You can also get custody if you and the other parent were never married and have since split up and moved to different households or if there was never a relationship to begin with. Typically speaking, either biological parent has equal grounds to try to claim custody, but decisions about how custody is decided will be left to the parties to determine through agreements or for the court to determine through its own decisions.
When you make custody decisions through an agreement, the case will need to be filed in court. Before or after the case is filed, both parties can negotiate the terms of how they would like to split up parenting time, how they would like to manage important decisions, and how they will manage the process of turning over the children to the other parent when it is their parenting time. Custody agreements will also need to include terms for child support and how that will be handled.
In cases that cannot be settled with an agreement, the court will decide instead. Both sides will submit their needs to the court, and the judge will have the final say about who gets custody, how much parenting time they get, and what other decisions will be made.
Either way, the judge will sign off on the agreement or the order, and it will have the force of law. Any issues or problems will be handled under the terms of the agreement or court order. If either party wants to change terms, the court needs to approve them before the old terms lose their effect.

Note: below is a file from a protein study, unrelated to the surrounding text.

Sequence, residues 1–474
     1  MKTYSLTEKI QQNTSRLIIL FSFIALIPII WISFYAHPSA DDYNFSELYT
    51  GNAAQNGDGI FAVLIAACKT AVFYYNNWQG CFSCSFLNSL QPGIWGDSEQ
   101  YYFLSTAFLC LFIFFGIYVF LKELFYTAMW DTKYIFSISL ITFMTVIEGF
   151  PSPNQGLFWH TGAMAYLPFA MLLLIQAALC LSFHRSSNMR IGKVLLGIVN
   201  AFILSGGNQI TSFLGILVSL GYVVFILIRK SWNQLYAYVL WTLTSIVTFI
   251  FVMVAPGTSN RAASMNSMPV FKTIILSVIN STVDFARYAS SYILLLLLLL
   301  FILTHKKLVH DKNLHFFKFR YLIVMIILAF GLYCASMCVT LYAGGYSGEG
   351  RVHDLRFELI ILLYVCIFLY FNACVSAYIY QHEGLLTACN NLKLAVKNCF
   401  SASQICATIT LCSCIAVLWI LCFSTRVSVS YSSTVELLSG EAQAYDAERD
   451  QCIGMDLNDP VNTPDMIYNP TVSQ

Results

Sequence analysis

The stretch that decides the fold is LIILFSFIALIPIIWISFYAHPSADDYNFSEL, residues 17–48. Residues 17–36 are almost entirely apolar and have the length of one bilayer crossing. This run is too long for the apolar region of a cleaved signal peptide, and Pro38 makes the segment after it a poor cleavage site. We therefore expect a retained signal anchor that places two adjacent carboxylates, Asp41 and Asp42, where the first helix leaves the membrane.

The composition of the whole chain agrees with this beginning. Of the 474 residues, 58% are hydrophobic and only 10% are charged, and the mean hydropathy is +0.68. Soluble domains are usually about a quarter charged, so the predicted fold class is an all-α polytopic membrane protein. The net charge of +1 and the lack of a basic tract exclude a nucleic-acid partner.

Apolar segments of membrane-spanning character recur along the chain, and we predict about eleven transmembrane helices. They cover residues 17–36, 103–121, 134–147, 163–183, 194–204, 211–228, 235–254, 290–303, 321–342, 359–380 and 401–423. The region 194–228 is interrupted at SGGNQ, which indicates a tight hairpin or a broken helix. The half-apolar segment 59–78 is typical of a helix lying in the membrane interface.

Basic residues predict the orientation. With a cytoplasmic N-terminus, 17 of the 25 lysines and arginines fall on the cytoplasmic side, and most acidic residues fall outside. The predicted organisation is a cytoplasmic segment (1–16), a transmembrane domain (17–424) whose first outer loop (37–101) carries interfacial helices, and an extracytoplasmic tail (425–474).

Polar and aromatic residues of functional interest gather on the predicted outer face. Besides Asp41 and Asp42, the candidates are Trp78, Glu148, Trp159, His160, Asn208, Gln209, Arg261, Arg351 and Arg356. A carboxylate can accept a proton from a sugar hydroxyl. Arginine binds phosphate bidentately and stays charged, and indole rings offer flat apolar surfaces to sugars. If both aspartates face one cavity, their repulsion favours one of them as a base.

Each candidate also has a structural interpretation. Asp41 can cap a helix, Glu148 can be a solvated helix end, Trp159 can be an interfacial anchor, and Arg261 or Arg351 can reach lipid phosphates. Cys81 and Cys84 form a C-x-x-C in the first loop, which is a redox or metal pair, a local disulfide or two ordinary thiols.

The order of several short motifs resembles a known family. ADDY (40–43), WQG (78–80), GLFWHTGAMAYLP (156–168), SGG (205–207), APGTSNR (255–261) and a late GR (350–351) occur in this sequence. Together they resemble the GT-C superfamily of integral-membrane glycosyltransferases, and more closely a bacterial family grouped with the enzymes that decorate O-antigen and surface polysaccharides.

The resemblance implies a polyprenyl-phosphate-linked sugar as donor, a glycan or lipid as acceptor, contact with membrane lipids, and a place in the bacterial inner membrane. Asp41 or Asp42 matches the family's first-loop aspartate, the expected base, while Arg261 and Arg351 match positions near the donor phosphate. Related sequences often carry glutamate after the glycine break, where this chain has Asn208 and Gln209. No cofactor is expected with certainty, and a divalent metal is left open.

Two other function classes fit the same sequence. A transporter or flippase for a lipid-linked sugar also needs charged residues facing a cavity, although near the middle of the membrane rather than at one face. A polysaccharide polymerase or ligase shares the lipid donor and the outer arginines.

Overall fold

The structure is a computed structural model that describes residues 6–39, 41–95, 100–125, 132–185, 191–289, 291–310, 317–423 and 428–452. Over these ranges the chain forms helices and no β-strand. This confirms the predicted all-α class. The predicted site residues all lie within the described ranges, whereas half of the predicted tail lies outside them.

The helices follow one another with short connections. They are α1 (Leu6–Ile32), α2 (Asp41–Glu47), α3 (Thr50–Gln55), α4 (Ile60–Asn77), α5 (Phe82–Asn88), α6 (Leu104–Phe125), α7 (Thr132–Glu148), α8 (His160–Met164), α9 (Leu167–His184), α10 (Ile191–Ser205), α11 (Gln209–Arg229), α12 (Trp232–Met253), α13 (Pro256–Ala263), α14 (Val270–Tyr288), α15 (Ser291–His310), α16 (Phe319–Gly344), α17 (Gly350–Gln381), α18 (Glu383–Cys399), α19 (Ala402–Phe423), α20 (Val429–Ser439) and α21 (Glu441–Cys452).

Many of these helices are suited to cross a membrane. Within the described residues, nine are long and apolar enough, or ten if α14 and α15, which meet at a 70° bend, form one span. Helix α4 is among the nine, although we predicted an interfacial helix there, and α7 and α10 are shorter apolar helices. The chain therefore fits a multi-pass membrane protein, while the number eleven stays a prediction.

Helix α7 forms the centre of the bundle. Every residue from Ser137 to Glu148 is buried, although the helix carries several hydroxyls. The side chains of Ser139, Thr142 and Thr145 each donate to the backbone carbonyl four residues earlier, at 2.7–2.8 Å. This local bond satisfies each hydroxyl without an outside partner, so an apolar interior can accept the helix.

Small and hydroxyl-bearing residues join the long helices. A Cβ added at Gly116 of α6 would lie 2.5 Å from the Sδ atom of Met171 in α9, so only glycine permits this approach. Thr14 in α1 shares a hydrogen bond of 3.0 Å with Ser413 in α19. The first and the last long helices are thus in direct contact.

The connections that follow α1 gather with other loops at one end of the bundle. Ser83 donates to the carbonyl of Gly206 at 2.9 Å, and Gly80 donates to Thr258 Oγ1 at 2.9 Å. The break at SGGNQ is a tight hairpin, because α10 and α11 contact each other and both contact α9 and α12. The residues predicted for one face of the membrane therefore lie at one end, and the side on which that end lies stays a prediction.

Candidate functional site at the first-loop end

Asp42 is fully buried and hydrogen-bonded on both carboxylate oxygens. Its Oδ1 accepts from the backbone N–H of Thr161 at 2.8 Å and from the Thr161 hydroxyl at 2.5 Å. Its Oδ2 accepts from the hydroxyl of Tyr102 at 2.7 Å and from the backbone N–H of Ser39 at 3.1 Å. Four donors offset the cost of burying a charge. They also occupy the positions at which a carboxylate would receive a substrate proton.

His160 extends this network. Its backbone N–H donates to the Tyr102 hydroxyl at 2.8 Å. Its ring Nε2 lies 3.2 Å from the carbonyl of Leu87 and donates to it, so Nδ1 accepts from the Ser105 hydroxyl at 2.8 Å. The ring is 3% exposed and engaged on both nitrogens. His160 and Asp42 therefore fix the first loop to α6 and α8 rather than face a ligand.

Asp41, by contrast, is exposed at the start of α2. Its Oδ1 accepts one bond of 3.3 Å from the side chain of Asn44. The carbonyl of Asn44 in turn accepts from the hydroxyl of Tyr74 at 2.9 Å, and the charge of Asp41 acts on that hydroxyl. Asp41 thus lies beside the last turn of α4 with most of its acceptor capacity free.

How Custody Decisions Are Made in Houston
If the parents can agree to custody terms, they can – preferably with the help of their lawyers – create custody agreements. This allows parents to make their own custody decisions about how their children will be cared for. When parents cannot agree or when one parent tries to keep the other from having custody, then the court will make the decisions.
Parents can be denied custody in many cases where the court finds that they are a danger to the children. The courts always consider the best interests of the children as the number one priority. As such, parents often lose custody if they have drug or alcohol abuse problems, if they have been accused of abusing the children or the other parent, or if they have a dangerous criminal record. Our attorneys can help you get a sole managing conservatorship if your children’s other parent is too dangerous to be given equal custody rights, and we can help fight against these kinds of accusations if you are looking to keep custody.
Call Our Houston, TX Child Custody Attorneys for a Confidential Case Consultation
If you live separately from the other parent of your children, you could be entitled to have a court review your case and put child custody orders in place to govern who gets to have conservatorship rights and possession of your shared children. For help fighting to get custody of your kids, keep custody, or deny a dangerous parent custody, call our Houston, TX child custody lawyers today. We can write agreements, challenge custody claims in court, work to have child custody agreements and orders revised, and more. For your case consultation, call the Arlington family law attorneys at The Queenan Law Firm today at (817) 476-1797.